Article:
In 1520, Grand Prince Vasili III of Russia captured and imprisoned in Moscow the last Grand Prince of Ryazan Ivan V because of his relations with the Crimean Khan Mehmed I Giray. In 1521, Prince Ivan Ivanovich fled into the Grand Duchy of Lithuania. After that, in 1521, the Ryazan Principality was merged with Muscovy.

List of princes


In Murom

  • 1127–1129 Yaroslav I of Murom and Ryazan *exiled from Chernigov

In Ryazan

  • 1129–1143 Sviatoslav of Ryazan *his son
  • 1143–1145 Rostislav of Ryazan *lost Ryazan to Suzdal, but reclaimed it using Cumans
  • 1145–1178 Gleb I of Ryazan *plundered Vladimir and Moscow, but died in captivity in Vladimir
  • 1180–1207 Roman I of Ryazan *ruled as vassal of Vsevolod the Big Nest, Grand Prince of Vladimir, but died in his dungeon
  • 1208–1208 Yaroslav II of Ryazan*son of Vsevolod the Big Nest
  • 1208–1212 governors from Vladimir
  • 1212–1217 Roman II of Ryazan *nephew of Roman I, held captive in Vladimir, but released as their vasal
  • 1217–1218 Gleb II of Ryazan *nephew of Roman I, betrayed his uncle for Vladimir and executed Roman II and 6 of his relatives using Kumans
  • 1218–1235 Ingvar I of Ryazan *brother of Roman II, defeated and exiled Gleb II
  • 1235–1237 Yuri of Ryazan *his brother, killed by Mongols, city destroyed

In Pereslavl-Ryazansky

  • 1237–1252 Ingvar II of Pereslavl-Ryazansky *son of Ingvar I, his existence is disputed
  • 1252–1258 Oleg the Red *his brother, captured by Mongols in Battle of Kolomna, but ruled as their vassal and died as a monk
  • 1258–1270 Roman III of Ryazan, the Saint *his son, ruled as Mongol vassal but executed for his faith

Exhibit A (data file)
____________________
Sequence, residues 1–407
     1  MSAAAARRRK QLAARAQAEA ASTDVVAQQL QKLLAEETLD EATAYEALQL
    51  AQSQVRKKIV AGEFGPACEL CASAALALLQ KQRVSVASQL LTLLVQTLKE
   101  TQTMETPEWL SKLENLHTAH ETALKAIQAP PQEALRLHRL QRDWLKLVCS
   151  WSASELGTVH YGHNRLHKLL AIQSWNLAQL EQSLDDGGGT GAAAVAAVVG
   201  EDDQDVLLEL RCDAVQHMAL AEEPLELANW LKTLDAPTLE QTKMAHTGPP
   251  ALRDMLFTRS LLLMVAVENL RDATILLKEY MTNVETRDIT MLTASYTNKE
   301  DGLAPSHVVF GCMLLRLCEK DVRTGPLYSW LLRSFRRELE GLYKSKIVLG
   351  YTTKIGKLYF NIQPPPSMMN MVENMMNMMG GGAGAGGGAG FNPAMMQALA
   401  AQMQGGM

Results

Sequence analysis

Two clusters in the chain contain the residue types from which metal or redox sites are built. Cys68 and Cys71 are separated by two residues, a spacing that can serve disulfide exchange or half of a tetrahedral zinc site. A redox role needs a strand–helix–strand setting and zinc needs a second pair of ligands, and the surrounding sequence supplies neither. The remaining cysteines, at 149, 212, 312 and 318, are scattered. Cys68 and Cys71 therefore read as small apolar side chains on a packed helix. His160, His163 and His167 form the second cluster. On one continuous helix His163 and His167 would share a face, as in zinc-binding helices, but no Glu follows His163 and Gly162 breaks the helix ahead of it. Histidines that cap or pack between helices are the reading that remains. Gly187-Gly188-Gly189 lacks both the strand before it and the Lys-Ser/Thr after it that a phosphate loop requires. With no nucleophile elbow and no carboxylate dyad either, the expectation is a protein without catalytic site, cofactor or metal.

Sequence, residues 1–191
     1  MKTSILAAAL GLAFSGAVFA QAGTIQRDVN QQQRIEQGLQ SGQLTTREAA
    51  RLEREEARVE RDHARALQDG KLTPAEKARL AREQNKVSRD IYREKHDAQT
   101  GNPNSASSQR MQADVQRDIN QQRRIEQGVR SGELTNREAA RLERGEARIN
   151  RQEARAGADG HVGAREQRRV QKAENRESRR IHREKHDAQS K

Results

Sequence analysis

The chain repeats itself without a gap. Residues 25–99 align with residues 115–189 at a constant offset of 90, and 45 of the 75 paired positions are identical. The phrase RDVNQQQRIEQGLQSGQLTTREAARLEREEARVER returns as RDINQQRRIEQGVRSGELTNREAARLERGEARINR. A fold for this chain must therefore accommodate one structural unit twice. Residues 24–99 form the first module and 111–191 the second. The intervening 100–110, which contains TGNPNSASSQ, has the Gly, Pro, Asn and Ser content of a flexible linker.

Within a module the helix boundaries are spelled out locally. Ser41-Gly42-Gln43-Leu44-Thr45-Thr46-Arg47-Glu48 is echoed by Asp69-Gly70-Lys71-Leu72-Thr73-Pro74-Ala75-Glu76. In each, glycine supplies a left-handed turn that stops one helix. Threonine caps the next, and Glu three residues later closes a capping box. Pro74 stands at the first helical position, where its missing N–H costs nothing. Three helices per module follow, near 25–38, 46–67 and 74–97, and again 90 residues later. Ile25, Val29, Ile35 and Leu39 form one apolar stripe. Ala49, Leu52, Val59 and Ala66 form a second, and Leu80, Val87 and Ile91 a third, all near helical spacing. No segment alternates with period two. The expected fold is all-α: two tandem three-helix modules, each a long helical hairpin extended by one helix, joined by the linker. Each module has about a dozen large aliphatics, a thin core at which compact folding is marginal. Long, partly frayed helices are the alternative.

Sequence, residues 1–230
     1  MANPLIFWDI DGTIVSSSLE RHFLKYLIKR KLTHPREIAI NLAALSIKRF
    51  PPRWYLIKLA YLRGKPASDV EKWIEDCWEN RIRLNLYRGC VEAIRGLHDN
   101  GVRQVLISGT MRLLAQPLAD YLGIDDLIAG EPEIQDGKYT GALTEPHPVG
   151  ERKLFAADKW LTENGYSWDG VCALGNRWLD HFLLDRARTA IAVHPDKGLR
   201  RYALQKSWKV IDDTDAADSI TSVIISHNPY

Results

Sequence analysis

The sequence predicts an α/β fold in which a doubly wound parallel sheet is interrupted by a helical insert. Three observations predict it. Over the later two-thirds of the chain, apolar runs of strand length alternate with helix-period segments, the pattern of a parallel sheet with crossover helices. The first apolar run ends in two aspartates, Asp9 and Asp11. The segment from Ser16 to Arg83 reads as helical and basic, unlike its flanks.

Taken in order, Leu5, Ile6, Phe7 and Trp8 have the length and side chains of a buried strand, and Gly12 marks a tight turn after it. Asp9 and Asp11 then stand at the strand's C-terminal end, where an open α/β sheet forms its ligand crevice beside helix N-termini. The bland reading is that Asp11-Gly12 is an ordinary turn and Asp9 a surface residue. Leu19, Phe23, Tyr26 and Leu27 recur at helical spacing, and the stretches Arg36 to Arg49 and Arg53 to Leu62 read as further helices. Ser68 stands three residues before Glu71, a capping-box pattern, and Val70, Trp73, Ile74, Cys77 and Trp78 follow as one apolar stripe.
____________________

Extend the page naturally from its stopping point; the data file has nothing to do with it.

• 1270–1294 Fyodor I of Ryazan *his son, resisted Tatar raids in 1278 and 1288
  • 1294–1299 Yaroslav III of Ryazan *his son
  • 1299–1301 Konstantin of Ryazan *his brother, executed in Moscow
  • 1301–1308 Vasily I of Ryazan *his son, executed in Golden Horde
  • 1308–1327 Ivan I of Ryazan *son of Yaroslav III, executed in Golden Horde
  • 1327–1342 Ivan II Korotopol *his son, died in exile
  • 1342–1344 Yaroslav IV of Ryazan *his cousin, usurped the throne with Tatar help
  • 1344–1350 Vasily II of Ryazan *his cousin
  • 1350–1402 Oleg II of Ryazan *son of Ivan II, in 1380 fought at the Battle of Kulikovo on Tatar side, but secretly sent most of his army to help Moscow
  • 1402–1427 Fyodor II of Ryazan *his son, married to daughter of Dmitry Donskoy and made alliance with Moscow
  • 1427–1456 Ivan III of Ryazan *his son, renounced his allegiance to Golden Horde
  • 1456–1483 Vasily III of Ryazan *his son, raised in the Moscow court, married to the sister of Ivan III of Russia, an ally of Moscow
  • 1483–1500 Ivan IV of Ryazan *swore allegiance to Ivan III of Russia
  • 1500–1521 Ivan V of Ryazan *the last Grand Prince, d.1534 in Lithuania

See also



  1. ^ "Ryazan".
  2. ^ Meyendorff, John (2010). Byzantium and the rise of Russia: a study of Byzantino-Russian relations in the fourteenth century. Cambridge: Cambridge University Press. p. 38. ISBN 9780521135337.
  3. ^ a b c Fennell, John (2014). The crisis of medieval Russia, 1200-1304. London: Routledge, Taylor and Francis. pp. 11–12. ISBN 9781317873143.
  4. ^ a b Feldbrugge, F. J. M. (2017). A history of Russian law: from ancient times to the Council Code (Ulozhenie) of Tsar Aleksei Mikhailovich of 1649. Leiden. p. 35. ISBN 9789004352148.{{cite book}}: CS1 maint: location missing publisher (link)
  5. ^ Potter, George Richard (ed.). The New Cambridge Modern History, Volume 1. p. 521. ISBN 9781139055765.